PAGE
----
Farmer Focus: Seeing the benefits of cattle in cropping

Harvest finished at the end of May, so you would think that it is now the “off-season” until planting in October. Not so on a mixed farm.

We are coming to the end of our southern hemisphere winter and as it doesn’t rain in winter, this is our lean period where all cattle have to be fed or supplemented.

These two enterprises complement each other very well.

Crop residues can be a valuable source of feed and after a maize crop, there can be some whole maize cobs left on the ground, which cows will pick up and eat.

The sloughs and leaves are also quite nutritious and I feel that if we don’t eat them, the wind will blow them away anyway. 

See also: Read more from our arable Farmer Focus writers

I don’t like to graze my fields too hard, as I want reasonable cover for the following season’s summer crop.

Being exclusively no-till, cover is key to the next crop’s success, so I must strike a balance between eating the “cream” and leaving enough cover for the following crop.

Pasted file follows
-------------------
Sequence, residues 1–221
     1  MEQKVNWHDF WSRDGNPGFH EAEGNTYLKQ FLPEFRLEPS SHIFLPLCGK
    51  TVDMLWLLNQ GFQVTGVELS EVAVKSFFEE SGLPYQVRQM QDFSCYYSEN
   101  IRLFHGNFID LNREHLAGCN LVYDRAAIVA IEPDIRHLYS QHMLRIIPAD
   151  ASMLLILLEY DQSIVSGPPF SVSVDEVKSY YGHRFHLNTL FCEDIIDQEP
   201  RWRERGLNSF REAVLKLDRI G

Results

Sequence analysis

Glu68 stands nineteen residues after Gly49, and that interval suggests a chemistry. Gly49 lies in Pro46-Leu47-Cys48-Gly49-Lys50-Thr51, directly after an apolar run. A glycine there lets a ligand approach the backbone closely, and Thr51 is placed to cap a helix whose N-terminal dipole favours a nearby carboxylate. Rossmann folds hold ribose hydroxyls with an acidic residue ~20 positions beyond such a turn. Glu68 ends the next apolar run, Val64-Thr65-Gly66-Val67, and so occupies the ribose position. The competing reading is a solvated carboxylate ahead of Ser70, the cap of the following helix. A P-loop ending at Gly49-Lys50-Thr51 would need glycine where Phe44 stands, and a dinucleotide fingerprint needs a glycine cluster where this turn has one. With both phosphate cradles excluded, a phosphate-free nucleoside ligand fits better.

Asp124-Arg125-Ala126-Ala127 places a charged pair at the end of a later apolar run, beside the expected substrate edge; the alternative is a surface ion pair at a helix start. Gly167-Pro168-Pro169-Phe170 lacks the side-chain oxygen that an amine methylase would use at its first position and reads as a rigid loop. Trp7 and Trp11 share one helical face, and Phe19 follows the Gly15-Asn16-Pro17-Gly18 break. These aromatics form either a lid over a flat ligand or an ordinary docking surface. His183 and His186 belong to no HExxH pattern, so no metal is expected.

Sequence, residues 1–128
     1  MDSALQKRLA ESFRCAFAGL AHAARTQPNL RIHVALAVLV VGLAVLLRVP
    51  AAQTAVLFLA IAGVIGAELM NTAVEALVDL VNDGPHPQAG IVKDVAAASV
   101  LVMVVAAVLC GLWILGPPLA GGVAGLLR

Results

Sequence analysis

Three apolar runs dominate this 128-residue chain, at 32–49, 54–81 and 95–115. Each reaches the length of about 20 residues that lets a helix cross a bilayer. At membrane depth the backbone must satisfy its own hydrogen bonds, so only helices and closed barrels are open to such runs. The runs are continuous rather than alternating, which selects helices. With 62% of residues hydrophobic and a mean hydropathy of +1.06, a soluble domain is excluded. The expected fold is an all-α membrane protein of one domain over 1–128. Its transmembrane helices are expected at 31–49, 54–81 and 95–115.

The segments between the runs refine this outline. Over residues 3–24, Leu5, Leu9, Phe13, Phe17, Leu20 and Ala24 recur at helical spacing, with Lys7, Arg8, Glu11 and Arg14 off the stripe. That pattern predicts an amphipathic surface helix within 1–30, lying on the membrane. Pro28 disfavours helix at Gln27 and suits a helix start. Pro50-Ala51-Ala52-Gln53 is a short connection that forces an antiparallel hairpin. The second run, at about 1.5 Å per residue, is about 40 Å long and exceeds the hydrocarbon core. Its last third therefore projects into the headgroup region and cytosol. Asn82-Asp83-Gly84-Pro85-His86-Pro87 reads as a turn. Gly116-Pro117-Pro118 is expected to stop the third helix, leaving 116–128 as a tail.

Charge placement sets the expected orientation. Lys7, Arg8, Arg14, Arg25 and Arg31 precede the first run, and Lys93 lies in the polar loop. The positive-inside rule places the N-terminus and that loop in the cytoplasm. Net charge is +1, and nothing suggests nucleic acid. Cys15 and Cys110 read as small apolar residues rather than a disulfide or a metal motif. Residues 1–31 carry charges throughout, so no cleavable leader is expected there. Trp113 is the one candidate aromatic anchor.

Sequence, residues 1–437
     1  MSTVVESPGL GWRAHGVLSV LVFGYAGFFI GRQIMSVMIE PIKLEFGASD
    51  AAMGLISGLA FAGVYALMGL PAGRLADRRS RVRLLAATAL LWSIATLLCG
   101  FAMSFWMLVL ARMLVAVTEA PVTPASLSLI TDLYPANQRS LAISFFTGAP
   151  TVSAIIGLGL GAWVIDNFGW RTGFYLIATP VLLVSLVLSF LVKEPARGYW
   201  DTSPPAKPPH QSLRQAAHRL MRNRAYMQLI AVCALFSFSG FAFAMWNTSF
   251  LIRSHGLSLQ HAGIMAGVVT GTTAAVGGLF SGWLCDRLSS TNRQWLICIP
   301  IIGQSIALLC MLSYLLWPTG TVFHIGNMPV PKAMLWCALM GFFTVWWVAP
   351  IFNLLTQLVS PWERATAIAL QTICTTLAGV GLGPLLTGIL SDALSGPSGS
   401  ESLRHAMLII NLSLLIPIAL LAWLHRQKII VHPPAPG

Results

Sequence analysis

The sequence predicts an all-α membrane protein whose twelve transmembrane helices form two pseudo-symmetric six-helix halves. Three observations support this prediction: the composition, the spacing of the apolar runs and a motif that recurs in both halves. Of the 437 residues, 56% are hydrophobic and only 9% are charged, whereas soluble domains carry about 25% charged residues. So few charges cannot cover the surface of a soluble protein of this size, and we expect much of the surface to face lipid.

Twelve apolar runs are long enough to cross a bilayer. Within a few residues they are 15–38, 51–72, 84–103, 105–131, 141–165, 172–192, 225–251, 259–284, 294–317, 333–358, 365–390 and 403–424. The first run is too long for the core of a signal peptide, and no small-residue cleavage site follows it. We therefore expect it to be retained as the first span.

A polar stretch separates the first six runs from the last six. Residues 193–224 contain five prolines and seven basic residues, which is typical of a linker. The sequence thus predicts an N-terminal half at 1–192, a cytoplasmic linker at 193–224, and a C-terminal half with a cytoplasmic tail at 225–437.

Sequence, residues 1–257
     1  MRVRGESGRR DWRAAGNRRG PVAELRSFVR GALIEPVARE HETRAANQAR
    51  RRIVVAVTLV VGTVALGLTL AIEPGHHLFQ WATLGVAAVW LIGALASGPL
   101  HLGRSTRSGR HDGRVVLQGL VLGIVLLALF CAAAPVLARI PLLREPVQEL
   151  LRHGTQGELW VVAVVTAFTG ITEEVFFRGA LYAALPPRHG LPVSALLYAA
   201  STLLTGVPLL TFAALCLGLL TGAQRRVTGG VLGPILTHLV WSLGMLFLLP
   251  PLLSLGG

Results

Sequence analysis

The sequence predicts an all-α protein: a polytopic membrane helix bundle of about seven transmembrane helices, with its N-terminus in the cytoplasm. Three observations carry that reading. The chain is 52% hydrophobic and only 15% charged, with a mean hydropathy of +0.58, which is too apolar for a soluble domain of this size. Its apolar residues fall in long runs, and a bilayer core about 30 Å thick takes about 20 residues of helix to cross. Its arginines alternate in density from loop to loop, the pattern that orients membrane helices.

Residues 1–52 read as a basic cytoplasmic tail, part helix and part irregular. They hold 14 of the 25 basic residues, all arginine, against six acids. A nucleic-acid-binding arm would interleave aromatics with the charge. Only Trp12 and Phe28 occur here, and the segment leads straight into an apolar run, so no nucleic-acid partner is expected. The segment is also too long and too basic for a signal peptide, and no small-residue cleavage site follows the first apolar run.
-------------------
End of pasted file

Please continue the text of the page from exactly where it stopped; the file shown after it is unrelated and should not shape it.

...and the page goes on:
In the past few seasons I have aerially seeded a cover crop mix into the standing maize, pre-harvest.

“You would think that grazing the cover crop would be counterproductive, as they are removing the cover, but I feel that there have been live roots in the soil for five months of the year where the soil would normally be fallow”
Bruce Shepherd

While grazing the maize residues, the cattle also enjoy the cover crop.

You would think that grazing the cover crop would be counterproductive, as they are removing the cover, but I feel that there have been live roots in the soil for five months of the year where the soil would normally be fallow.

These live plants have added to the biological activity of the soil and have improved the soil’s health.

This cattle/crop relationship is not one sided.

Manure from the feedlot is spread on the cropping fields, thereby improving their fertility. 

This synergistic relationship extends to the finances of the farm.

Some tractors, machinery and labour (including mine) can be shared between the two enterprises.

There is also a significant spreading of risk, in the form of weather, input costs and the prices received for grain and cattle.


Bruce farms in Kwa-Zulu Natal, South Africa. He plants 320ha rain-fed summer crops. He also runs 2,200 weaner oxen on pastures, finishing them in a feedlot with maize grown on the farm.

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